Air cargo eyes a year of uncertainty and opportunity
5 February 2024
Geopolitical uncertainty and unpredictability could fuel demand for air cargo as shippers move to benefit from the stability of services.
Figures from data provider Xeneta show that air cargo demand increased by 9% year on year in December – although this is partly a reflection of a weak end to 2022 – while spot rates reached their highest level in nine months of $2.60 per kg and the dynamic load factor increased by 3% to reach 59%.
And Xeneta chief airfreight officer Niall van de Wouw said this could mark the start of a new cycle for air cargo, with shippers likely to appreciate stability returning to the market allowing them to “more accurately predict the transportation costs for the products they are selling”.
He pointed out the ocean freight market is facing disruption due to attacks in the Red Sea.
Van de Wouw said: “There’s still a lot of friction in the global supply chain market and that means there will be opportunities for some sectors. If big ocean carriers are not going through the Red Sea, it might delay a million or more containers, with all the knock-on effects.
“And the fact that you don’t know how long this situation will continue means some shippers will pay for the predictability of air cargo to lessen the impact of the current ocean freight disruption.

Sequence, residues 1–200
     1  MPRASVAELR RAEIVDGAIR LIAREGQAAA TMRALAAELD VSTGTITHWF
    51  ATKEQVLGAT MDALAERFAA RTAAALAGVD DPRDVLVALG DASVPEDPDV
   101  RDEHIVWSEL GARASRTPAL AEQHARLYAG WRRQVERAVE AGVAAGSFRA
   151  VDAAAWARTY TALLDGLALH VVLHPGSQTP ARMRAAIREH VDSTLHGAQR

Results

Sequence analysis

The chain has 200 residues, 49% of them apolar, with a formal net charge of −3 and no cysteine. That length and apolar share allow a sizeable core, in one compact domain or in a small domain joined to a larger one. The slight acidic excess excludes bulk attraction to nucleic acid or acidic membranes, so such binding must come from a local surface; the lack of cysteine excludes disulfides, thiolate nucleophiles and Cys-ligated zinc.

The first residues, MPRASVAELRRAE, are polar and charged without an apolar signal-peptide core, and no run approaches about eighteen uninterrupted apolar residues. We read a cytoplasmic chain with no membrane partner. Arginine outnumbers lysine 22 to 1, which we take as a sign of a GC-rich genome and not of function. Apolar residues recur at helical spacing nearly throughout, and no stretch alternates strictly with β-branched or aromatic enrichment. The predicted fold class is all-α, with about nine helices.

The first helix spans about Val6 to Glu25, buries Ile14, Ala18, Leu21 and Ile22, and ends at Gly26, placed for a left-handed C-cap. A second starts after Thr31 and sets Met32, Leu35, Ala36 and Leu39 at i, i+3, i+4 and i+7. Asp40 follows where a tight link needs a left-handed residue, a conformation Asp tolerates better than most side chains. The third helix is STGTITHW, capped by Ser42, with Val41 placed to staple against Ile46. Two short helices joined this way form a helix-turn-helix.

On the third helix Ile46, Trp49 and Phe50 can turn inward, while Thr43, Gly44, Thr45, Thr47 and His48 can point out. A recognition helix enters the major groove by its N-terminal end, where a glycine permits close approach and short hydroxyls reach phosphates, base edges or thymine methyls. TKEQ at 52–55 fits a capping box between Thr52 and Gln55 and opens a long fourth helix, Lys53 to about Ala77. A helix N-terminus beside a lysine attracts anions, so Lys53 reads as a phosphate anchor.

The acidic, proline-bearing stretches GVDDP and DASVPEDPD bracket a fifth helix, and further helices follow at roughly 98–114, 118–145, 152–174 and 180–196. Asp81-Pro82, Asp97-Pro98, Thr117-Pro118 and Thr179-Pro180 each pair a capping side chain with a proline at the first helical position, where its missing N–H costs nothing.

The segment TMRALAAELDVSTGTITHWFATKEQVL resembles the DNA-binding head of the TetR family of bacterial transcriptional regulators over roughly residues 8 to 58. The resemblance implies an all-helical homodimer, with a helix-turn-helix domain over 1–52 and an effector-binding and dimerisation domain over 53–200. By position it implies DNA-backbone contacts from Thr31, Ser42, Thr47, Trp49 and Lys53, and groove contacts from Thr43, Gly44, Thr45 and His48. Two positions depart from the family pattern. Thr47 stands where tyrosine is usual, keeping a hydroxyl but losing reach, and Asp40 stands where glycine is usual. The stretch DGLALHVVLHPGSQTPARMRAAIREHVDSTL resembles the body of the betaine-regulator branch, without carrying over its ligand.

“In contrast, air cargo seems to be in a more ‘steady state’. It is important for airlines and forwarders to focus on the elements they can control, such as cost and reliability, and to be ready for when the opportunities arrive.”
He added that the improved stability in air cargo was seeing shippers switch back to long-term, fixed-rate contracts.
In the last quarter of 2023, Xeneta figures show that contracts of more than six months accounted for 45% of total contracts signed, up by around five percentage points on the third quarter of the year.
Meanwhile, six-month contracts amounted to another 28% of the total market.
“This was in stark contrast to the pandemic era when most shippers had to manage rates valid for up-to-one-month only,” Xeneta reported. “By the fourth quarter, the share of up-to-one-month rates was only 14%.”
Analysing December’s data, Van de Wouw said that the market was slightly busier than expected but added that the industry shouldn’t be tempted to draw too many conclusions because the Christmas and New Year holidays make it an odd month.
“We also need to factor in that December 2022 provided a low comparison base given the very muted demand seen 12 months ago,” he said.
“This latest data appears to reflect stronger but temporary local market performance on key lanes as opposed to signalling a global economy that is doing much better.
“Our market outlook forecast for 2024 remains unchanged with an anticipated 1-2% growth in demand and a 2-4% rise in supply,” he said.
Regional rate performance
Xeneta figures show that the air cargo spot rates from Europe to the US stood at $2.42 per kg in December, up +21% month over month.
“The reduction in capacity helped to push up rates on this lane. Similarly, corresponding spot rates from China and Southeast Asia to Europe both rose 9% to $4.49 per kg and $2.91 per kg respectively.”
Meanwhile, strong e-commerce demand pushed the China to US air spot rate up 6% in December to $5.12 per kg.
“In line with this, the airfreight spot rate ex Southeast Asia to the US climbed 14% to $4.50 per kg as outbound Southeast Asia shipments tend to transit via other Asian countries before heading into the US.”
By the week ending 31 December, the China to US spot rate fell by a considerable 20% to $4.54 per kg from its peak three weeks earlier.
By Damian Brett